Commands by bstaz (0)

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Which processes are listening on a specific port (e.g. port 80)
swap out "80" for your port of interest. Can use port number or named ports e.g. "http"

count how many cat processes are running

list services running (as root)
A quick way to list services running

Convert seconds to [DD:][HH:]MM:SS
Converts any number of seconds into days, hours, minutes and seconds. sec2dhms() { declare -i SS="$1" D=$(( SS / 86400 )) H=$(( SS % 86400 / 3600 )) M=$(( SS % 3600 / 60 )) S=$(( SS % 60 )) [ "$D" -gt 0 ] && echo -n "${D}:" [ "$H" -gt 0 ] && printf "%02g:" "$H" printf "%02g:%02g\n" "$M" "$S" }

Find which jars contain a class

route output as next command's parameters

Using tput to save, clear and restore the terminal contents
Very useful for interactive scripts where you would like to return the terminal contents to its original state before the script was run. This would be similar to how vi exits and returns you to your original terminal screen. Save and clear the terminal contents with: $tput smcup Execute some commands, then restore the saved terminal contents with: $tput rmcup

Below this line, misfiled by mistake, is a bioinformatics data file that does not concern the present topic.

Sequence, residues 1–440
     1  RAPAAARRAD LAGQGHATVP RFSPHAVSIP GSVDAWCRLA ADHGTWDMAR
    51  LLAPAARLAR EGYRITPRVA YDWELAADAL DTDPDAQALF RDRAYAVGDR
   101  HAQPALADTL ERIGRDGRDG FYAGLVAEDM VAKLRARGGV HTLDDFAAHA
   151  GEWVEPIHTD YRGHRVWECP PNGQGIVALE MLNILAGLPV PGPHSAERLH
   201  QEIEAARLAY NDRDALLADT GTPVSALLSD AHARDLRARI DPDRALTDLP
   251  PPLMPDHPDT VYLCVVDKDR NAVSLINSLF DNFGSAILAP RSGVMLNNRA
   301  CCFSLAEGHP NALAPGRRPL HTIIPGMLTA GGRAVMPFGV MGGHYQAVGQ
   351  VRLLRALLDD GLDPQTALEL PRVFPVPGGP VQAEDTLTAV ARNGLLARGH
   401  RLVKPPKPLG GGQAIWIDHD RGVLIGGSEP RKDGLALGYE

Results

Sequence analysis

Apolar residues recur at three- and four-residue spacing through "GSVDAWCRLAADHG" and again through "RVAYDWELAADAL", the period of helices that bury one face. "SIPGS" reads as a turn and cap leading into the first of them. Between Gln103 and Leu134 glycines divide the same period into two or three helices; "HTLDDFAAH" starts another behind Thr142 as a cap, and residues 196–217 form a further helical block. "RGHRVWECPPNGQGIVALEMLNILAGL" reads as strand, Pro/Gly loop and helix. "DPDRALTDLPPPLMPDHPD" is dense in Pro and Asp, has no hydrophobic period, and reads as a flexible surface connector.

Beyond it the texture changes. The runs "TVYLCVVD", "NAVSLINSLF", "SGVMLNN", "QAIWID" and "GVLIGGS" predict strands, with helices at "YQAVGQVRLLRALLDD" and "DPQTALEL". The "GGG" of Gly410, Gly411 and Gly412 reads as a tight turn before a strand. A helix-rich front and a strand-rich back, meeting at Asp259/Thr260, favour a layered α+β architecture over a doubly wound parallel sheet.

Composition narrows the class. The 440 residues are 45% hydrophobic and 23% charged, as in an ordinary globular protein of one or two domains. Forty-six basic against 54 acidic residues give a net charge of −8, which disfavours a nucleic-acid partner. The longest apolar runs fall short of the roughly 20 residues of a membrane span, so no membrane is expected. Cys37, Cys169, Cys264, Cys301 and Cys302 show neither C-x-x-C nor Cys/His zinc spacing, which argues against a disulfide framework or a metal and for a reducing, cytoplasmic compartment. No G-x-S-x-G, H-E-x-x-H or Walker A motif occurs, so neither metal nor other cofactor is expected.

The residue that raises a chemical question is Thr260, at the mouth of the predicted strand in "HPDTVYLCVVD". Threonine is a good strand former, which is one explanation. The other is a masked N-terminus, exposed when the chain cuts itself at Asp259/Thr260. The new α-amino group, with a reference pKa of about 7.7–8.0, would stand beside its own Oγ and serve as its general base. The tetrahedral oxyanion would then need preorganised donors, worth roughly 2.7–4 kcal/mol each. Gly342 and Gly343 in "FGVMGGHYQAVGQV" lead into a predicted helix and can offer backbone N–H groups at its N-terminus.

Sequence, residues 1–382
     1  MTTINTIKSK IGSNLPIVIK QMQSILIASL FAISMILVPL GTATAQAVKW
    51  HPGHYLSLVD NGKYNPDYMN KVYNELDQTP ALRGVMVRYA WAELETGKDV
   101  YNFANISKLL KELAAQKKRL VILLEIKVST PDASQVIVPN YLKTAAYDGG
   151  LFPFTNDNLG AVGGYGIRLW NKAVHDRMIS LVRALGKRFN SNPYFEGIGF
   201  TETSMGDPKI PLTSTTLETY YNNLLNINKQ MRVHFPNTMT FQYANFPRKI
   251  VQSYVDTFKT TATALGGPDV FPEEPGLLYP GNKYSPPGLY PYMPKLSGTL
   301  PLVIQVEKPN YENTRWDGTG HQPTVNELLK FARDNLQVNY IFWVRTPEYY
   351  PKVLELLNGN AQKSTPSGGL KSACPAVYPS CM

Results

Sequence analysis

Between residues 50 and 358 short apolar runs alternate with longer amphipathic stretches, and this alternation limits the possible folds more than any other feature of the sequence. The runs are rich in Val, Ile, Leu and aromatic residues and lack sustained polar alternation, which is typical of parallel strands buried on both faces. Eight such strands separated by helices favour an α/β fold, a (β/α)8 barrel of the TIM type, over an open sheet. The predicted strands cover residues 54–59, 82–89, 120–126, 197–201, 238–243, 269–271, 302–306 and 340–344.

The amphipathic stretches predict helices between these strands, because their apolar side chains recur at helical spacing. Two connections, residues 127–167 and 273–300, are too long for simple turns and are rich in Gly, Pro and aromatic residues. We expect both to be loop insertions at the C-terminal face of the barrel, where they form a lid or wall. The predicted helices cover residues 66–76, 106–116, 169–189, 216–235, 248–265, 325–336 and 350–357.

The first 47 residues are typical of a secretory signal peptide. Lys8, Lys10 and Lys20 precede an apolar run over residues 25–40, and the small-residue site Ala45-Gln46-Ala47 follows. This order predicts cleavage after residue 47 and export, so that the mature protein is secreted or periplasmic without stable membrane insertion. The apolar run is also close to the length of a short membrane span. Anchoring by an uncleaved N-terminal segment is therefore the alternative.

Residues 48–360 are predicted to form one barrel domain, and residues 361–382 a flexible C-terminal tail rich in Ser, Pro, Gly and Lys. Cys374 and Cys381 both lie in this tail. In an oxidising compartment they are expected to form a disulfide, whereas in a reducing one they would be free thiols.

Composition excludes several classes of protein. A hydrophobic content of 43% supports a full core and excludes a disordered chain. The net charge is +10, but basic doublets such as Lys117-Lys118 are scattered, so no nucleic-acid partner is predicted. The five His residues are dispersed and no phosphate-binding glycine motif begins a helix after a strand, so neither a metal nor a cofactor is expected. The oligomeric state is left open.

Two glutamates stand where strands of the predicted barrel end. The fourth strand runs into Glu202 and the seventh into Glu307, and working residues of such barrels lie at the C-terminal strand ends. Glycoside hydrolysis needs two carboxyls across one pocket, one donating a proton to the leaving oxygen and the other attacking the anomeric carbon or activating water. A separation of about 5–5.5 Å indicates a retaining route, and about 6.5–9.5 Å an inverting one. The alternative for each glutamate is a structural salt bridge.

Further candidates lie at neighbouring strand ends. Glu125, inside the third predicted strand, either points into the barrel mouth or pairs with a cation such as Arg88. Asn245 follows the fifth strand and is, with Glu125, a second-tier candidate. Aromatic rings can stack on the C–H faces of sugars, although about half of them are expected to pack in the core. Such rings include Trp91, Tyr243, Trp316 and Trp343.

pretend to be busy in office to enjoy a cup of coffee
Create a progress dialog with custom title and text using zenity.

Create a mirror of a local folder, on a remote server
Create a exact mirror of the local folder "/root/files", on remote server 'remote_server' using SSH command (listening on port 22) (all files & folders on destination server/folder will be deleted)

move a lot of files over ssh
Useful to move many files (thousands or millions files) over ssh. Faster than scp because this way you save a lot of tcp connection establishments (syn/ack packets). If using a fast lan (I have just tested gigabyte ethernet) it is faster to not compress the data so the command would be: tar -cf - /home/user/test | ssh user@sshServer 'cd /tmp; tar xf -'


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